In English, what is the difference between ‘lack of’ and ‘lack in’?
Many people (native and non-native English speakers alike) use lack, lack in, lack of and other ‘lack’ forms the wrong way, so let’s have the whole thing:—
Lack is both a verb and a noun, with the basic meaning of being without or not having enough of something.
Know that lack in as a noun is substandard English. Lack of is the correct noun form.
As a verb
(1) As a verb, lack, lacks, lacking and lacked are different tense forms and numbers, and mean being without or not having enough of something:—
They lack the necessary family support where they can seek assistance.
Deprived families lack knowledge and self-confidence.
A child without parents usually lacks a sense of security.
The present government lacks dynamism.
His thinking lacks creativity and isn’t geared to changes.
The leadership has lacked imagination and assertiveness.
We said that our country lacked a long-term economic vision.
As a present participle
(2) Lacking can be a present participle, meaning deficient in or being without:-
Lacking [= Being without] any respect for parents, the prince rebelled against his father.
As a reduced relative clause
(3) Lacking can be a reduced relative clause (where the relative pronoun who and the verb are missing), meaning be without or deficient in:—
Students lacking [= who are lacking: who are without] a desk dictionary can use an online dictionary.
As an adjective
(4) Lacking can be an adjective, meaning unavailable or in short supply (deficient, inadequate):—
Financial backing for the programme is still lacking. (Unavailable)
(5) Lacking in is an adjective (grammatical structure: lacking in + noun phrase), meaning missing or absent:—
It was a well-built boat but lacking (= missing) the navigation equipment.
As a noun
(6) Lack of (lack in is substandard) is a noun, meaning a shortage of or unavailability or shortfall:—
We blame the government for the severe lack of residential places.
There’s been a lack of awareness about what young people like or want.
Most landslips are caused by lack of supervision and control, not design deficiencies.
Deprived families lack [verb] knowledge and self-confidence, so children from such families usually lack [verb] a sense of security.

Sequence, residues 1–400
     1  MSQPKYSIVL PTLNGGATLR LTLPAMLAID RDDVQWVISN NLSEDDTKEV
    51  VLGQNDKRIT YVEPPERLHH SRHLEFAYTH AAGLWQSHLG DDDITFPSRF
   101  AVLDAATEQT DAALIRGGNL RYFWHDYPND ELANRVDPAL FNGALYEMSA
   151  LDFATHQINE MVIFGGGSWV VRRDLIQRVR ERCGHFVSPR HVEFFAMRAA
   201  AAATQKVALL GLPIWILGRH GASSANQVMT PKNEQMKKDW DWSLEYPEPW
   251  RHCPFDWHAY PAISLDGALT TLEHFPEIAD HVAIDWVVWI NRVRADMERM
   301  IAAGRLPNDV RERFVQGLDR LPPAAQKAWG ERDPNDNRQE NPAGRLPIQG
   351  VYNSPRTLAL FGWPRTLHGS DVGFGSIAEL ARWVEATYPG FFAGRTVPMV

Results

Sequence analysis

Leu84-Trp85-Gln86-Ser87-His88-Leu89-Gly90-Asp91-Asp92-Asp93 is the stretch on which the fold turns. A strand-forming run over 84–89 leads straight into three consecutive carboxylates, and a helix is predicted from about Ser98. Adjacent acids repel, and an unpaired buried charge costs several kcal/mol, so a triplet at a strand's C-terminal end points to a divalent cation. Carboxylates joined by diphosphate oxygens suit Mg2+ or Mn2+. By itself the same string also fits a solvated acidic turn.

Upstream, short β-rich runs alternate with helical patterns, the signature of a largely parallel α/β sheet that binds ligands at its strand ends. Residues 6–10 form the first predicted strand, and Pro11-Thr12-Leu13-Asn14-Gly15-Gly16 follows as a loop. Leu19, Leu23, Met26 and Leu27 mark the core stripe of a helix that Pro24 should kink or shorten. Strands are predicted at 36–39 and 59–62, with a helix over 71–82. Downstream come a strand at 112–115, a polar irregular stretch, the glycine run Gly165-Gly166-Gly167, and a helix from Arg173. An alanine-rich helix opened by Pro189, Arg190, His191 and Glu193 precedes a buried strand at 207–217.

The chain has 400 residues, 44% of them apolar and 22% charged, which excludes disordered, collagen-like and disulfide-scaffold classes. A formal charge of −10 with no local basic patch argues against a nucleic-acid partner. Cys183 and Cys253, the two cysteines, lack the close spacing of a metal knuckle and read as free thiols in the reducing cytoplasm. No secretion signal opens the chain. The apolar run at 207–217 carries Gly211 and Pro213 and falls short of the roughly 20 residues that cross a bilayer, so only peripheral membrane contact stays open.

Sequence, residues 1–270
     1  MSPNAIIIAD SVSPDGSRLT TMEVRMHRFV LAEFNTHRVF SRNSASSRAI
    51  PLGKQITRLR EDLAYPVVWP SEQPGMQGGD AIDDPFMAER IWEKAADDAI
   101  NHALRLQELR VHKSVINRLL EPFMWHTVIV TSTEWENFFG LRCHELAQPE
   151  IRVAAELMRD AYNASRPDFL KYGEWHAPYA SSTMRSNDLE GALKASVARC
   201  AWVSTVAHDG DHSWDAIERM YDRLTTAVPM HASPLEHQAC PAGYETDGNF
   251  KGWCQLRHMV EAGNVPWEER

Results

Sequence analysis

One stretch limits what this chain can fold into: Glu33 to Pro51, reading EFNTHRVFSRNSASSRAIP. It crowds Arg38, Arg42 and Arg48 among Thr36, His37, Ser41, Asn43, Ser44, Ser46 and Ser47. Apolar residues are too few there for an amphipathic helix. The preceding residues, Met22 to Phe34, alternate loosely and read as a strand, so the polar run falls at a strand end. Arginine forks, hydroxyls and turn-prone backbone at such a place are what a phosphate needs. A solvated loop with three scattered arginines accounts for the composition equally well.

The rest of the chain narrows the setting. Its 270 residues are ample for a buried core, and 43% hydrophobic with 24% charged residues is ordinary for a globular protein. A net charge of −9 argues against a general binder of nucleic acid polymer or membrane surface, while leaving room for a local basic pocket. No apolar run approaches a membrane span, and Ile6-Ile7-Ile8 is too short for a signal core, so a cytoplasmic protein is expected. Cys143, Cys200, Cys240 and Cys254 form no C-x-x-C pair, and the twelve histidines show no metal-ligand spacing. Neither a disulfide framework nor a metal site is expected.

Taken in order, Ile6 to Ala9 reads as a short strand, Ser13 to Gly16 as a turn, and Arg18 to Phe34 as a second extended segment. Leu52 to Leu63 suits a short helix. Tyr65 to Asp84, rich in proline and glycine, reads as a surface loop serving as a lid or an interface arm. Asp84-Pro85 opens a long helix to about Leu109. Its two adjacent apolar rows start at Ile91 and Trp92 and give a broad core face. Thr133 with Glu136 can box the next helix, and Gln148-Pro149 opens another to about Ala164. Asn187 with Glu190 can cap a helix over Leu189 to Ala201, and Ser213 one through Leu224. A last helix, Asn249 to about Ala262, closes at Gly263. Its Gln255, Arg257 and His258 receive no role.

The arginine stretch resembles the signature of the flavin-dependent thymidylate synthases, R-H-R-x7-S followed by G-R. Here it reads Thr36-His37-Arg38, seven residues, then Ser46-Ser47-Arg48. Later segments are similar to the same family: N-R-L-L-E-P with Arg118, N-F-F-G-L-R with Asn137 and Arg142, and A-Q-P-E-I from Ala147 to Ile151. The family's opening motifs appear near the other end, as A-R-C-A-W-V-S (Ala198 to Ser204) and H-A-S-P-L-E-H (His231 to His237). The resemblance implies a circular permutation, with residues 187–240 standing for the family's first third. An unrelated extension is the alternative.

The present government lacks [verb] dynamism and creativity and isn’t geared to changes. The leadership has been lacking [verb] imagination and assertiveness for a long time. Our country lacks [verb] a long-term socioeconomic vision is a common criticism from all quarters.
Lacking [present participle] any self-respect, some members of the younger generations are rebelling against the present state of affairs and taking to the streets. This is particularly worrisome as young people lacking [reduced relative clause] an appreciation of the realities of governance in our country believe aggressive confrontation is the way to solve problems.
Financial backing for many of our social welfare programmes is lacking [adjective] mainly because of the way our government handles its priorities. The institutional structure itself is well-intentioned and well-built, but lacking [adjective] in leadership.
Many blame the government and the politicians for the severe lack of [noun] public housing. There’s been a general lack of [noun] awareness about what people need and want. Most problems in the recent past are caused by a lack of [noun] realistic policymaking, not deficiencies in supervision or financial control.
Originally written on 3 Aug 2016 and posted first time today.
Featured image via Carol Rempto on Pinterest.
© Learn English or Starve, 22 Nov 2016. (B16306)
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